“My brain is trying to keep me safe. I am grateful for it’s overly-dramatic ways.”


Alright, I’m kidding about the affirmations, but being good to yourself is a smart idea.


One tip is to give yourself the same advice you would give to a friend.



If a friend came to you feeling upset, you wouldn’t tell them to stop being ridiculous and to get on with it (I hope.) More likely, you would tell them not to be so hard on themselves, to take into account how difficult the circumstances are and to treat themselves kindly.





Think of a car with three passengers; two in the front and one in the back.


When you’re in a perceptively threatening situation, Survival Mode is driving the car. They’re driving erratically, weaving in and out of traffic or slamming on the breaks and having a panic attack. Depends what mood they’re in.


Steady-Mode is navigating. They’re trying to talk to Survival and tell them where to go, but Survival is too much in control to pay attention.


The only way to keep driving safely is to get another driver; Solving Mode, who is sitting quietly on the back seat. The trouble is, Survival is too busy screaming at the motorway to pay attention to them either.


What we need is an opportunity for Solving Mode to get into the driving seat. It can’t be done on the motorway, but Steady and Solving can plan to stop at a service station and switch around then.



If you’re following this metaphor, this means that once we recognise we are in survival mode, we can take a step back and decide to switch tack.


This is why mindfulness practices such as meditation can be so beneficial. Any opportunity to find pockets of quiet in our lives presents us with an opportunity to observe our reactions and to change our behaviours. A metaphorical rest break for our brains to activate the parasympathetic (calming) nervous system.


This is where Steady Mode comes in. Steady Mode helps us stop and assess. Unfortunately though, nothing will get done if we stay in a contemplative, inactive state; we still need to move to action but in a less chaotic ‘Oh-my-god-everything-is-on-fire’ way. Enter Solving Mode.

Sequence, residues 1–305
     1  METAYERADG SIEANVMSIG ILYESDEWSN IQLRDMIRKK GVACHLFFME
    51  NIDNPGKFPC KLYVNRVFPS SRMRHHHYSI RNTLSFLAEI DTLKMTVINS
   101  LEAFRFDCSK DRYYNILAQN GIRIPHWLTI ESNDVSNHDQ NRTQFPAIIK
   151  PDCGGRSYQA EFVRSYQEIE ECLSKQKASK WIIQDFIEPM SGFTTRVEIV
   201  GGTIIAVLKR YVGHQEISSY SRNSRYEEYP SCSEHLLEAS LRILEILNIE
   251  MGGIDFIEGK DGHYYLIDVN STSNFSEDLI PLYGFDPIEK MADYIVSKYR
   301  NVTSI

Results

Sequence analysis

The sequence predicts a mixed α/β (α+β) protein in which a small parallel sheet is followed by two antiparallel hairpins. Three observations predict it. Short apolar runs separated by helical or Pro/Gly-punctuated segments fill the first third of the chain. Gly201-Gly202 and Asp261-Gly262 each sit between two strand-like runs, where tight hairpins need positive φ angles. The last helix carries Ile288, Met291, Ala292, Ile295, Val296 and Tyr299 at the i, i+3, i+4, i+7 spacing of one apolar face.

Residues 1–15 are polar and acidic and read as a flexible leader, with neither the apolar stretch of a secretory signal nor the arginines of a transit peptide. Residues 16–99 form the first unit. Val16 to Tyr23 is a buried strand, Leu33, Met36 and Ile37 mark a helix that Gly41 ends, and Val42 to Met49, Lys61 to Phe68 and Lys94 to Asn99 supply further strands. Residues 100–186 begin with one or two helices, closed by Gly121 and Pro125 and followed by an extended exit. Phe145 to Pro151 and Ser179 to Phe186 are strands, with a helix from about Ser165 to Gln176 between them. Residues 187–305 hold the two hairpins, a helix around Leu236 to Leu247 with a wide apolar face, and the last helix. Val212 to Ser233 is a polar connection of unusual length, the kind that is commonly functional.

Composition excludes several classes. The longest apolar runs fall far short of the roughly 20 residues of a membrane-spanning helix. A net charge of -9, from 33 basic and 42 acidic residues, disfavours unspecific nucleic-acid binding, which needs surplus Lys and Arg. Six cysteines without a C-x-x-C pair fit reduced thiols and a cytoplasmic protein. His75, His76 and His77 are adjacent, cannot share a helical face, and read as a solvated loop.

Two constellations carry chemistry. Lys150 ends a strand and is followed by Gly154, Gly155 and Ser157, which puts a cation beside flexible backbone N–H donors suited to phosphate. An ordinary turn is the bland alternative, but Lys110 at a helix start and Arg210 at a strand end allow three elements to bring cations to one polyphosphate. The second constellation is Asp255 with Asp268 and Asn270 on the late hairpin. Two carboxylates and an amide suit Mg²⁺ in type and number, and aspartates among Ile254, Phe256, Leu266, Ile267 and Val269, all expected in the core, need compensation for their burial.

Solving Mode comes from a newer part of our brain, the neocortex – a part that evolved many thousands of years later and as such is a little slow off the mark some days.[3] But when it’s in charge, everything feels a bit more manageable.


The important thing is to engineer those moments of quiet to allow it to intercept:


– go for a walk

– have regular breaks away from your laptop

– put your phone on ‘do not disturb’ in the evening

– have a social media detox

– call a friend

– meditate, do yoga or journal – whatever helps you feel mindful and present to observe how you’re feeling





All of the above is easy to say but hard to do. Our survival instinct is deeply ingrained and very strong, so just knowing about it isn’t always enough to keep it under control.


But just because times are difficult and we’re feeling stressed, doesn’t mean we have to feel overwhelmed by the situation forever. Looking at how much we all came through last year, we have to recognise and celebrate how god damn resilient we all are. If you’re reading this, you’re stronger than you probably give yourself credit for.


I’m not going to pretend this shit is easy, but I will insist that you’re capable of handling it.




For a pep-talk-on-demand that you can listen to on repeat, have a listen to episode 76 of the Dark Coffee Podcast: ‘How to handle difficult times when you feel powerless.’



[2] Quoted in ‘Consumerism and its’ Discontents by Tori DeAngelis, published in the American Psychologists Association Journal:

[3] Evolution of the neocortex: perspective from developmental biology: Pasko Rakic, 2009. Published in Nature Reviews Neuroscience,